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Tech Writing Cheat Sheet

This is a curated list of summaries from Google's Tech Writing courses that I constantly consult when reviewing documents since I sometimes forget things.


  • Determine your audience and what they will learn.
  • Fit documentation to your audience.
  • Introduce a document's scope and any prerequisites.
  • Outline a document. Alternatively, write free form and then organize.
  • Make a practice of continuous revision.
  • Establish your document's key points at the start of the document.
  • Read documents out loud (to yourself) when reviewing.
  • Find a good peer editor.
  • Return to documents well after you've written the draft.
  • Compare and contrast with something that readers are already familiar with.


  • Prefer task-based headings.
  • Use terms consistently.
    • If you change the name of a variable midway through a method, your code won’t compile. Similarly, if you rename a term in the middle of a document, your ideas won’t compile (in your users’ heads).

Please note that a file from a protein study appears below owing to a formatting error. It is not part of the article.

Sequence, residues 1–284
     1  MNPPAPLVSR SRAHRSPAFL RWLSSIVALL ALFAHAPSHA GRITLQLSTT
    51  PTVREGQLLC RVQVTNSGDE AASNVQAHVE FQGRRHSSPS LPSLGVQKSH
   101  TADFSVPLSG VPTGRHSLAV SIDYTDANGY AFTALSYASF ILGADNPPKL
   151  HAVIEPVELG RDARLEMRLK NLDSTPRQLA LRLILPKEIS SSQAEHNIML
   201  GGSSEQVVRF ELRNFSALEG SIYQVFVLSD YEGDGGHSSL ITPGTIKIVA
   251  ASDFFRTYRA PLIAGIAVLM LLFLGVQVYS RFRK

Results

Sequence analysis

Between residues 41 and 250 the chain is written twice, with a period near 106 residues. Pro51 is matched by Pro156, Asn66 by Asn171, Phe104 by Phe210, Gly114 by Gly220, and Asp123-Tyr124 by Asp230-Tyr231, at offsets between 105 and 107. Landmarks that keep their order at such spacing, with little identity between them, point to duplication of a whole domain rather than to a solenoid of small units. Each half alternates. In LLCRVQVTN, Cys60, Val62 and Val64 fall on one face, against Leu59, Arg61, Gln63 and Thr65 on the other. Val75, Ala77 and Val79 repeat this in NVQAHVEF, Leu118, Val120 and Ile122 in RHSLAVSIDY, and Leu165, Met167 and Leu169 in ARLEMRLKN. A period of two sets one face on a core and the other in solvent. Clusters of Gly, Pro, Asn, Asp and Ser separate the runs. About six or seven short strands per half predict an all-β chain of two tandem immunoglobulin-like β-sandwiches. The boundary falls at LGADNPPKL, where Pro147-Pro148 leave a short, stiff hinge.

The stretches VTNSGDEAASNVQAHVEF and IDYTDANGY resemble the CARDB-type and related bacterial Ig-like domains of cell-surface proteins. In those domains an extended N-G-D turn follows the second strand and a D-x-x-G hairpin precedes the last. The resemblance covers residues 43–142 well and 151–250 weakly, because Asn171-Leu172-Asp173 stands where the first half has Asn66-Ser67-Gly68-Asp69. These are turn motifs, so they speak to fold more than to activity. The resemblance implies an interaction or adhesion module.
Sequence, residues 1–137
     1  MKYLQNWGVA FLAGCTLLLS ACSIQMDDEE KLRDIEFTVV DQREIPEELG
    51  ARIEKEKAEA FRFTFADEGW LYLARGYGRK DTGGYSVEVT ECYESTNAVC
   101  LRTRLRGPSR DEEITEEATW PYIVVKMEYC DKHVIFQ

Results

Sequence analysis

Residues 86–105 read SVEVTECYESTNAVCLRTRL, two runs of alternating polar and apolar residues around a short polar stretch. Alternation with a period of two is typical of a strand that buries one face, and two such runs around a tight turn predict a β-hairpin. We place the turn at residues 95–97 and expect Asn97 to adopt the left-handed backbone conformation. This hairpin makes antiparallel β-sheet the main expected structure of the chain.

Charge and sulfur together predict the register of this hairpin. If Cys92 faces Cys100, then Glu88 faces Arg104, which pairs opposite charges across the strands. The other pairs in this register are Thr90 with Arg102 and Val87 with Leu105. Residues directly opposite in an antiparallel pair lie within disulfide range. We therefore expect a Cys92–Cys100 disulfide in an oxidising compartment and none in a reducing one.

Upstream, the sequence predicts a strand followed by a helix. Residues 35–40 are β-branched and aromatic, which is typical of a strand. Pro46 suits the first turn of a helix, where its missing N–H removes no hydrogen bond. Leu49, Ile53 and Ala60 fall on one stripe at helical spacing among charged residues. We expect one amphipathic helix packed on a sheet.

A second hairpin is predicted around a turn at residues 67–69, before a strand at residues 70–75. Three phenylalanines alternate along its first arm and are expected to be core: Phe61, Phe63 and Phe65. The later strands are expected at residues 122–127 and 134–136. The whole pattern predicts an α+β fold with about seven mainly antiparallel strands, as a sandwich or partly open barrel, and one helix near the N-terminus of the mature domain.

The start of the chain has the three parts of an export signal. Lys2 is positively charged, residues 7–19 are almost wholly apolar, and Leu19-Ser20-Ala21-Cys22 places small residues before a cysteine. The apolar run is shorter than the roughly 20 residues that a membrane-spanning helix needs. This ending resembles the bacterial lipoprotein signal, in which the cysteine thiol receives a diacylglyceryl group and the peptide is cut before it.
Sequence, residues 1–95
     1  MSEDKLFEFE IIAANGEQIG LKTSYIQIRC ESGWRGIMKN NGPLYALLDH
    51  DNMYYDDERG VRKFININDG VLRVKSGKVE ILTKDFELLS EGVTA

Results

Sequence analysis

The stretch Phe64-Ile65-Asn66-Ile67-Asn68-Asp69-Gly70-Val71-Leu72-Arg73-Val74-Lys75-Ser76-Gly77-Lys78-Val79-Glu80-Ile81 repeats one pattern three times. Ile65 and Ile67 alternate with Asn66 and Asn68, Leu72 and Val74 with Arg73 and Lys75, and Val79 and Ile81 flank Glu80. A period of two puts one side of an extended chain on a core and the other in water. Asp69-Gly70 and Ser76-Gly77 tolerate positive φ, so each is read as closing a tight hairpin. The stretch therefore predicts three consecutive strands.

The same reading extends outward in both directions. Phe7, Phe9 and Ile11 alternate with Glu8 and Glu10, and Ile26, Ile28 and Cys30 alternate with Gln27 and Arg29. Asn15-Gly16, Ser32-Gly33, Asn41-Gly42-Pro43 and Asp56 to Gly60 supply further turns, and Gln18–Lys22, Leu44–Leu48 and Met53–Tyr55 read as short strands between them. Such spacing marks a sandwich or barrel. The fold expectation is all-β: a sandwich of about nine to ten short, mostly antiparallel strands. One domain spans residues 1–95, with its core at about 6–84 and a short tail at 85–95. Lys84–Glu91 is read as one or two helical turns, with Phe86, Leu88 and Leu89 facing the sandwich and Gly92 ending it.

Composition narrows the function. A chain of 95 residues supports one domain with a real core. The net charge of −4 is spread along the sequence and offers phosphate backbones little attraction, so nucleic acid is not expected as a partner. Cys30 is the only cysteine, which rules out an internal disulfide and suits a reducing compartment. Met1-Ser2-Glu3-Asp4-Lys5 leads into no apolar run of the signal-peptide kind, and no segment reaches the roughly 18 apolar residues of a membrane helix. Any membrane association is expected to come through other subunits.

• Avoid ambiguous pronouns.
  • Prefer active voice to passive voice.
    • "Python interprets code" instead of "Code is interpreted by Python".
  • Pick specific verbs over vague ones.
  • Focus each sentence on a single idea.
  • Convert some long sentences to lists.
  • Eliminate unneeded words.
    • Like simply or just.
  • Use a numbered list when ordering is important and a bulleted list when ordering is irrelevant.
  • Keep list items parallel.
    • All items in a parallel list look like they "belong" together.
  • Start numbered list items with imperative words.
    • "Install that".
  • Introduce lists and tables appropriately.
  • Create great opening sentences that establish a paragraph's central point.
  • Focus each paragraph on a single topic.

Code Examples

  • In tutorials, reinforce concepts with examples.
  • Create concise sample code that is easy to understand.
  • Avoid writing comments about obvious code.
  • Keep code comments short, but prefer clarity over brevity.
  • Provide not only examples but also anti-examples.
  • Provide code samples that demonstrate a range of complexity.
    • Simple and complex examples.


  • Consider writing the caption before creating the illustration.
  • Focus the reader's attention on the relevant part of a picture or diagram by describing the takeaway in the caption or by adding a visual cue to the picture.

If you would like to learn more about these points, check out the courses. There are two and they're very good!

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